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Environ Eng Res > Volume 27(1); 2022 > Article
Chandrika, Prabhu, Siva Kiran, and Krishna: Applications of artificial neural network and Box-Behnken Design for modelling malachite green dye degradation from textile effluents using TiO2 photocatalyst


Most of the photocatalytic studies for pollutant degradation are based on optimizing a single parameter that results in a non-linear relationship between the overall parameters and the photo-degradation reactions. To address this critical problem, herein, we report the use of Response Surface Methodology based on the Box-Behnken Design (BBD) for modeling the photocatalysis degradation of Malachite Green (MG) dye using nano TiO2 as photocatalyst. The catalyst characterizations are carried out using XRD, SEM, and TEM, indicating that the TiO2 prepared by sol-gel synthesis possesses Anatase phase with particles in the nano regime and porous surface morphology. The optimum operating conditions for degradation of MG was identified by the interactive effects of variable factors such as initial dye concentration 10–30 ppm (x1), catalyst dosage 1–3 mg (x2), contact time 20–60 min (x3) using the Box-Behnken method. Furthermore, the degradation reactions are also evaluated by Artificial Neural Networks (ANN). Their predicted results have been validated by the experimental studies and found to be acceptable. Their optimal results to achieve 90% degradation efficiency at TiO2 nanoparticle dosage (3 mg), reaction time (60 min), and initial dye concentration (20 ppm) have been validated by the experimental studies and found to be acceptable.

1. Introduction

Contaminants like heavy metal ions, surfactants, fertilizers, pesticides, and various toxic organic dyes by agriculture, industries, and human activities bring undesirable changes into air, water, and soil leads to environmental pollution [1]. In developing countries, growing population and industrial development demand water supply, but their activities produce a large amount of wastewater, disposed to natural water bodies without treatment causing water pollution. In recent years organic pollutants like dyes, released through wastewater from various industries into natural water bodies (to the environment), became a serious health problem. These dyes are toxic to human beings and aquatic life [2]. Malachite Green (MG) is used as a colorant in various textile industries. It is also used as a food additive, food coloring agent, medical disinfectant, and so on; it is highly carcinogenic and genotoxic. Nowadays, MG dye became a controversial pollutant due to its risk to the immune system [3]. Among various oxidation methods used, photocatalytic oxidation using semiconductor photocatalysts was found to be efficient for environmental applications like water purification and water disinfection [4]. Removal of pollutants along with mineralization can be done by photocatalysis and is more advantageous than other conventional methods [5], such as adsorption, precipitation, co-precipitation, oxidation, reduction, aerobic, anaerobic, and biological treatment methods, because of their inherent limitations like less efficiency, time consumption and the formation of secondary sludge, the disposal of the same is uneconomical.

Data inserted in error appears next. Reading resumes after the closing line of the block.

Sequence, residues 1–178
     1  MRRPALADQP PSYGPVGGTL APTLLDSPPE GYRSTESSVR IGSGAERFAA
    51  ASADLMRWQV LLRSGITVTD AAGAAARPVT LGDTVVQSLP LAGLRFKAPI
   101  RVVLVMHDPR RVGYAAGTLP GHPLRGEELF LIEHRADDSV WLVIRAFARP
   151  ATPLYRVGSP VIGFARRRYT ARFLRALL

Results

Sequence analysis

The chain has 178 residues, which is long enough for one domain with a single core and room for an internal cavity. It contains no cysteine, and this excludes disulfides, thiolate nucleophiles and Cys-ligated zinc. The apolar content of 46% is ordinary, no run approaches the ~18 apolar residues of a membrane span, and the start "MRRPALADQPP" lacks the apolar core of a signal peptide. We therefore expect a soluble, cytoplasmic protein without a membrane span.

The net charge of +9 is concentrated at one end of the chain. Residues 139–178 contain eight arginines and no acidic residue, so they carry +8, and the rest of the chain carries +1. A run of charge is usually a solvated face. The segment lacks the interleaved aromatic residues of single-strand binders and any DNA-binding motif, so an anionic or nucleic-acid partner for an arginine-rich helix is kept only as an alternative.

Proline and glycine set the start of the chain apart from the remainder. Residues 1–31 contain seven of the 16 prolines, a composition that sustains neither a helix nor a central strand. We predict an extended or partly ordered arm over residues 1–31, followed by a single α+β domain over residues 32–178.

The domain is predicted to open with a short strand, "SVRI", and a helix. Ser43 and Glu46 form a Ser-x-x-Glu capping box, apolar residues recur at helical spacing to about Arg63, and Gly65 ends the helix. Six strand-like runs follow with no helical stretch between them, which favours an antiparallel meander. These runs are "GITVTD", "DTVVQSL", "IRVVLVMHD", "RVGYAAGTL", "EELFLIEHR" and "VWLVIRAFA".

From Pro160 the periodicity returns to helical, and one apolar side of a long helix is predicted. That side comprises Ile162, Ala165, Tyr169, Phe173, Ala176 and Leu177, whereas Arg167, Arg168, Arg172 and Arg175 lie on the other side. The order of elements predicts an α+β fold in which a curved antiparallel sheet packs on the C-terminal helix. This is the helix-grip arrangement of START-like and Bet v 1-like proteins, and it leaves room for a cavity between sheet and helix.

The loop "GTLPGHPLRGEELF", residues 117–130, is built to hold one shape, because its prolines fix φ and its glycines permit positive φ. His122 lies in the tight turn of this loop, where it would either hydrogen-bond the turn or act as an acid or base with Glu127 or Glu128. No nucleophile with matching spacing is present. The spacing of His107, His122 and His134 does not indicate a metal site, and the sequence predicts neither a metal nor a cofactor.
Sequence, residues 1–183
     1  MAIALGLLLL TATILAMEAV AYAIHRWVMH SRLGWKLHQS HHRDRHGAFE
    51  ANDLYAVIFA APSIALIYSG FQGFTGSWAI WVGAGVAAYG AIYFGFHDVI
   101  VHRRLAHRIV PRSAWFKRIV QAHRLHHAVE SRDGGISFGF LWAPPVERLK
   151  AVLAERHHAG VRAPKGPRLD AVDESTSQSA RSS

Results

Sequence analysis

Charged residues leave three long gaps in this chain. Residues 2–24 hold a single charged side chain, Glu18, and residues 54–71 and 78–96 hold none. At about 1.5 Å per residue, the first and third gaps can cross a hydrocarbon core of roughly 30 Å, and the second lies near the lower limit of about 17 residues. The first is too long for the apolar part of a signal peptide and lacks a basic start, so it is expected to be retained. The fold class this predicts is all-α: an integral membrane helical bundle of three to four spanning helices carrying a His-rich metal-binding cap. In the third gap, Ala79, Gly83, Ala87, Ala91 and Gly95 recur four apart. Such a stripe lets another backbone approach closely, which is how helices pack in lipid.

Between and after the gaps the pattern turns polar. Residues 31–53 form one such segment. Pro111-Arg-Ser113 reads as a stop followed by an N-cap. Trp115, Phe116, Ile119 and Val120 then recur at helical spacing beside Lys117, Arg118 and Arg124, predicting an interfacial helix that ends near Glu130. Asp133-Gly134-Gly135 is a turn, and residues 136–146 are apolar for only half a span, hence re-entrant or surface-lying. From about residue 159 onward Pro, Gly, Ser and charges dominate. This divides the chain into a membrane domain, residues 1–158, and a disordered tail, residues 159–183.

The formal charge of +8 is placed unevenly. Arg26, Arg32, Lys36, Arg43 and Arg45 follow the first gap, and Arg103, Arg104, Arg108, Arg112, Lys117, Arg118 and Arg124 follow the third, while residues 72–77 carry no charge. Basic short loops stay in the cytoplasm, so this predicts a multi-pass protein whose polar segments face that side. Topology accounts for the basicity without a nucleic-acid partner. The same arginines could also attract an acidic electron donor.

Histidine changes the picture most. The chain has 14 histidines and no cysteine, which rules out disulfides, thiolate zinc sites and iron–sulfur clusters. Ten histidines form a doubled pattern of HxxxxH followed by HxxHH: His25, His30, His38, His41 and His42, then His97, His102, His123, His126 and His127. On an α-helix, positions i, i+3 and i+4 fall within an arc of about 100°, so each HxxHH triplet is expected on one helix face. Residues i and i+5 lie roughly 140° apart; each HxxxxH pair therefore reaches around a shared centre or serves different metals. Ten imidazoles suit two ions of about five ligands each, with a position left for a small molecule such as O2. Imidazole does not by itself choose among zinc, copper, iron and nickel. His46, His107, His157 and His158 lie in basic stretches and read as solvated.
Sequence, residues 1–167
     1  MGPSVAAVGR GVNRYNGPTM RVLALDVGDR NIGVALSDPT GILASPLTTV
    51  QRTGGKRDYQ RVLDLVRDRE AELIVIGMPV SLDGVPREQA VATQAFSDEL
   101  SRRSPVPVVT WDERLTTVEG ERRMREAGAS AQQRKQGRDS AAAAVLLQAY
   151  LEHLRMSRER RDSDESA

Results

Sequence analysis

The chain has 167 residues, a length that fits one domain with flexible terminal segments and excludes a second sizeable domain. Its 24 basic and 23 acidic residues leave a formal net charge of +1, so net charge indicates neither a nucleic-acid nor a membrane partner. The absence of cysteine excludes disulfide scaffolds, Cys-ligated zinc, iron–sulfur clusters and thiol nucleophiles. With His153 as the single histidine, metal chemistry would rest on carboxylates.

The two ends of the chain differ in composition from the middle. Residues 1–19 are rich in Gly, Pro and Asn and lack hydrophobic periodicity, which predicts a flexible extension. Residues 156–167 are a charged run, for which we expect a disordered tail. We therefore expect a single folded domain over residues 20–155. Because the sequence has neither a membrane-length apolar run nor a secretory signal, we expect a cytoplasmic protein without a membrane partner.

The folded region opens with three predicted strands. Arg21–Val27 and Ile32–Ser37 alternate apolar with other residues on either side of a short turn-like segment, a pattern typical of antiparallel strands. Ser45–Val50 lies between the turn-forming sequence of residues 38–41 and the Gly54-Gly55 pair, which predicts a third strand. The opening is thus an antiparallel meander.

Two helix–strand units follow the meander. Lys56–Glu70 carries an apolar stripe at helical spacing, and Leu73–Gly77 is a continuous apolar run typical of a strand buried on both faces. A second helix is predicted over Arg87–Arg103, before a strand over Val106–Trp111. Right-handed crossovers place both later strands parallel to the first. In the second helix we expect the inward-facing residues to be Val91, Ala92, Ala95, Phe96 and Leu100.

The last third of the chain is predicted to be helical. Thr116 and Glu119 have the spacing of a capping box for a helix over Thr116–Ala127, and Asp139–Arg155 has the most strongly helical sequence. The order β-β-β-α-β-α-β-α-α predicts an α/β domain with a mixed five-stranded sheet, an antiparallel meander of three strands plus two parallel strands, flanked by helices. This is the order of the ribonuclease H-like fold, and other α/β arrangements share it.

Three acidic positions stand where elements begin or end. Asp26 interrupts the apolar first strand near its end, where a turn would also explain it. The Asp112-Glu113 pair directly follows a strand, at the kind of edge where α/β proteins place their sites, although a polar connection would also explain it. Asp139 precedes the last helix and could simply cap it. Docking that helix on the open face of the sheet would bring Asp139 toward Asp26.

A review of various reports suggests that the nanomaterials are efficient photocatalysts because of their smaller size and the larger surface area or because of quantum confinement effects of charge carriers for the pollutant degradation [6]. Over the last few decades, the researcher’s attention is to use nano metal oxide semiconductors for photocatalysis. Among various metal oxide semiconductor photocatalysts, ZnO and TiO2 have proven to be the most suitable photocatalysts. TiO2 has been popularized as a photocatalyst because of its long-term stability, high oxidative properties, and environmental friendliness. However, other semiconductor oxides and sulphide catalysts such as Fe2O3, ZrO2, Cr2O3, ZnS, CdS have also used to degrade several contaminants in the presence of UV/Visible light [7]. Photocatalysis has the appeal of being “green” since it only uses light photons to eliminate toxic organic chemicals [8, 9].
Increasing literature in the field of chemistry explaining the use of Artificial Neural Networks (ANN) has evolved for a various range of applications such as Environmental Engineering, Textile Dye Degradation, Photocatalysis, Simulation and Modelling methods, Wastewater Quality Monitoring, Prediction of results (Water Quality Index), Design of reactors and many more. Because ANNs are sets of essential functions, they can deliver better empirical models of complex nonlinear processes that are advantageous for a wide variety of purposes. Pirdashti M. et al. reviewed a variety of ANN applications in chemical engineering. It dealt with the critical aspects of the ANN topology, modelling strategy, the methods of developing and training the data [10]. A systematic classification arrangement is also presented, which reveals, categorizes, and concludes the present works connected to ANN methodologies as well as applications. Theory of neural computing and its applications in the area of chemical science are reported elsewhere [11].